And, they move, too. If there is a perceived better opportunity elsewhere, some residents will leave for a better life or opportunity for themselves and their families. You get the idea.
The decline of income, wages and compensation - real or perceived - constrains our hope and vision for the future and drives important quality of life decisions.
Finally, we cannot overlook one more, very important dynamic. We fought hard and worked together like never before to create policies and conditions in our region and state to support the private sector in retaining and growing good jobs. We led the nation coming out of the recession and now the nation is catching up to our pace. We are now victims of our own success thanks to aggressive growth of private sector jobs across our region.
We have achieved our “dream” of lower unemployment rates, which are on average well below the state and nation, and we’re suffering for it. So much so, we have literally thousands of unfilled job opportunities in Northeast Indiana.
We cannot ignore that the major impact on PCPI is private sector wages.
What is the impact of low wages on our ability to attract and retain talent that our employers need to grow? The marketplace cares little about what we think is fair or reasonable in wages and compensation. The reality is that when talent perceives a better opportunity for hope and prosperity, talent will move to find that opportunity.
What did we learn about PCPI this year? These are the facts:
- Overall, the aggregate average growth for our region, 2015 to 2016 was 1.6 percent.
- On the upside, 9 of 11 counties exceeded the national average.
- Even more, 3 of 11 counties (DeKalb, Steuben, Whitley) also aggressively surpassed the state average, growing at over 3 percent.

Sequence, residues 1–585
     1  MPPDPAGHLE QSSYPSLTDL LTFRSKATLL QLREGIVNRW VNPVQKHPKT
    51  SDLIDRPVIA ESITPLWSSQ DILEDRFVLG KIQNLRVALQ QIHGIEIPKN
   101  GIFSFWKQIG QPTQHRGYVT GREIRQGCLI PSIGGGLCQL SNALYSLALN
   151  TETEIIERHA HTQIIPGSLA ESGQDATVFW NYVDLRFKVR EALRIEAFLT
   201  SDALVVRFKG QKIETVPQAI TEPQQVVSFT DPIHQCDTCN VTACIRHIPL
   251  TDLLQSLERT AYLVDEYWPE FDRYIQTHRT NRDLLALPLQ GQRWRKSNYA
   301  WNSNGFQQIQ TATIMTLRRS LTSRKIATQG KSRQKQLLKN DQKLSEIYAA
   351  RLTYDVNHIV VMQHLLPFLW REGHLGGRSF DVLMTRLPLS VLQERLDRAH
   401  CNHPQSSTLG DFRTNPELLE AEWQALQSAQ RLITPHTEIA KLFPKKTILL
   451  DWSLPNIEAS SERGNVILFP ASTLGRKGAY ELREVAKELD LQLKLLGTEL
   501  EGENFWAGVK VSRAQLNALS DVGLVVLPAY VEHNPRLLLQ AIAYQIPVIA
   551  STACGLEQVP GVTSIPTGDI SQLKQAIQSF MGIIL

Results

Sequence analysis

- Since 2006, Northeast Indiana beat the national growth of PCPI by growing 29.4 percent despite being in decline for the first few years. It’s important to note that we have come back VERY strong!
- From 2015 to 2016, the increase of 1.6 percent translates into $613 million in the regional economy.
- From 2011 to 2016, the net increases in PCPI on an annual basis equates to growth over $5 billion!
Bottom line, the PCPI increase on par with the U.S. increase is respectable and very beneficial; no doubt about it.
However, the reality remains, “Good, is not good enough.” We are compelled to redouble our efforts at growing and transforming this region’s economy.
We must continue to invest strongly, boldly and consistently in collaborative efforts to increase per capita personal income, population growth and educational attainment. Our goals for Vision 2030 are clear; increase PCPI faster than the national average every year. The 2016 PCPI results tell the story, and the story demonstrates that we must do more to increase prosperity for all residents of our communities and region.
The data is released annually by the U.S. Bureau of Economic Analysis and was calculated by the Indiana University-Purdue University Community Research Institute.